Well, the Cocktail Sour might not be the building block of every cocktail… but it’s pretty damn close.

If you’ve been drinking more more than a year, you’ve had a sour before. Say, you’ve had a Margarita, a Daiquiri, a Mojito, or a Gimlet… then you’ve had a Cocktail Sour. If you’ve had any cocktails at all, it’s very likely that it’s base was a sour. It’s the simplest recipe in the world, it makes incredible drinks, and it’s easy to add a little *pizzazz* to create a really impressive (but easy) cocktail.

“The Cocktail Sour Formula”

2 oz Spirit of your Choice
1 oz Sweetener of your Choice
1 oz Acid of your Choice

As you can see, that’s not much to work with. I’ts also incredibly easy to make and easy to manipulate. Most of the truly good recipes that you’ve been using will follow this same pattern:

Margarita
2 oz Tequila
1 oz Agave Nectar
1 oz Lime Juice
Daiquiri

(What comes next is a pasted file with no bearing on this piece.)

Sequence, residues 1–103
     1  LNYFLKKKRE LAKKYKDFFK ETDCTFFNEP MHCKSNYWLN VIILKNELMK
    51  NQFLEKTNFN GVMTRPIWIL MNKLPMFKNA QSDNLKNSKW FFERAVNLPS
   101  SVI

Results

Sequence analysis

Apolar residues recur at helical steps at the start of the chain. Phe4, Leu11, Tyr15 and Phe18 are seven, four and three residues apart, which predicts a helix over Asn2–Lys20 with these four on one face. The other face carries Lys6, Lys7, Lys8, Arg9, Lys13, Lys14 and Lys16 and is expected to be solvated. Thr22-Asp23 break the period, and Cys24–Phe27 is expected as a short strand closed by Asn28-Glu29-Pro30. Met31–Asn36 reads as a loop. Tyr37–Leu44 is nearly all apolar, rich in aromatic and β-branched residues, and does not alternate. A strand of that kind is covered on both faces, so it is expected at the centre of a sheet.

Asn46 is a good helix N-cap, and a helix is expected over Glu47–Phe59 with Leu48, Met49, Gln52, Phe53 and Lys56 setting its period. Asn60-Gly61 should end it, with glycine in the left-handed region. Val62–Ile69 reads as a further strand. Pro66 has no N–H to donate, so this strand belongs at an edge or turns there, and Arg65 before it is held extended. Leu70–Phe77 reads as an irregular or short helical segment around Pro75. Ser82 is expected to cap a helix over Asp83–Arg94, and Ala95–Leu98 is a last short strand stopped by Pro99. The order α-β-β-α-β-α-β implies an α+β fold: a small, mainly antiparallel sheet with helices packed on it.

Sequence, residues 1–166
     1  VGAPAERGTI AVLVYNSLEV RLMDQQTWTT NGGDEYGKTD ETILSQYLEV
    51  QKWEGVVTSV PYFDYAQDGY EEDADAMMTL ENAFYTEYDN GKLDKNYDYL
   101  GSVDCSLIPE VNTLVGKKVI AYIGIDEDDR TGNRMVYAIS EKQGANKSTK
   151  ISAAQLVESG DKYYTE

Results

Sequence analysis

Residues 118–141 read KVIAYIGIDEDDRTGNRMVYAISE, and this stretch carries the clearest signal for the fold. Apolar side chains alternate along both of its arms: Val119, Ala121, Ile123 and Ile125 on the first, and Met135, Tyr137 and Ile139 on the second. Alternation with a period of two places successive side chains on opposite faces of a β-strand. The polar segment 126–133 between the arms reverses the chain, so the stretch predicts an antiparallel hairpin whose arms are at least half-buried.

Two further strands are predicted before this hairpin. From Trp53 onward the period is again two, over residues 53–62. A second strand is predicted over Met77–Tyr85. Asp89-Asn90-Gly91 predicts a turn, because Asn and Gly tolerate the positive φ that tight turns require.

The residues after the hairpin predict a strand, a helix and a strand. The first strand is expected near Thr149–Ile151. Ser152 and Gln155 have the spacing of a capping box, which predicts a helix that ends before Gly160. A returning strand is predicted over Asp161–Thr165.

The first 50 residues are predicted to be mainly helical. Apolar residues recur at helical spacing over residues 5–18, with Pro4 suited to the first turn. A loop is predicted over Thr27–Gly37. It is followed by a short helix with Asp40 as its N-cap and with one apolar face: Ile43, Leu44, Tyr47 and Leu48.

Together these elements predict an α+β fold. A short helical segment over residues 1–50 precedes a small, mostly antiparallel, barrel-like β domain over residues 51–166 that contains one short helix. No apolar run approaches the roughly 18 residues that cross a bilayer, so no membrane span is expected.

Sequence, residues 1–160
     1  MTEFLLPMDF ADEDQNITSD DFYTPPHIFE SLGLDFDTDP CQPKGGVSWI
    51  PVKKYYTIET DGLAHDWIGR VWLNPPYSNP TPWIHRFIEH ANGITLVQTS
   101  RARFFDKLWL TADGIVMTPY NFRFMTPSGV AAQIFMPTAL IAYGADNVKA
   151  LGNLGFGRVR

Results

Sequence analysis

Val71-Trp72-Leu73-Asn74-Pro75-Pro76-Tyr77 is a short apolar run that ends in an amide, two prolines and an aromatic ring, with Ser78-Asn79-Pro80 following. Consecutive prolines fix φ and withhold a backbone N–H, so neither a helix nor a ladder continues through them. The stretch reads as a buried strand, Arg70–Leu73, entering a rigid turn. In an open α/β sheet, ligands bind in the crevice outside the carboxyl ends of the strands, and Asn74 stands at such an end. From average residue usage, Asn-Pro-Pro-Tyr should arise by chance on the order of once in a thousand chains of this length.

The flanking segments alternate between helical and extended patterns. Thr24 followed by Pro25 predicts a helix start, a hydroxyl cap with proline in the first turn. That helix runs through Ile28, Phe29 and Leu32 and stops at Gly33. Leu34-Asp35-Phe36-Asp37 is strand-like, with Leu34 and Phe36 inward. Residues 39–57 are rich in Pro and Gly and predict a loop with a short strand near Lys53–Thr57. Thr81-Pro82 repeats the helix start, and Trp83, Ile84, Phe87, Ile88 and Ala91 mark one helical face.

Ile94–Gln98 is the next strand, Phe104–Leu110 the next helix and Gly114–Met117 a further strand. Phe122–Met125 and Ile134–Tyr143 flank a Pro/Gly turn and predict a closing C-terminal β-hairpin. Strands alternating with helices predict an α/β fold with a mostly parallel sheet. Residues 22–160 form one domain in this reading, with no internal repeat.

2 oz Rum
1 oz Simple Syrup
1 oz Lime Juice
Sidecar
2 oz Brandy
1 oz Cointreau
1 oz Lemon Juice
Lemon Drop
2 oz Vodka
1 oz Simple Syrup
1 oz Lemon Juice
Whiskey Sour
2 oz Whiskey
1 oz Simple Syrup
1 oz Lemon Juice
Gimlet
2 oz Gin
1 oz Simple Syrup
1 oz Lime Juice

There you have it, my secret recipes. Some people are gong to look at this and say “but wait, there should be egg white in a whiskey sour!” Perhaps they might say a Margarita should have bitters and Orange Liqueur and God only knows what they might think should be in a proper Daiquiri.

Don’t make it complicated for no reason

Some of these are perfectly good points, but they only serve to make cocktail making a more exclusive club. You might not have three different kinds of orange liqueurs to choose from, but you almost certainly have sugar on hand. You might not feel comfortable with raw egg white in your drink, but should that mean you never get to experience a whiskey sour? I should think not.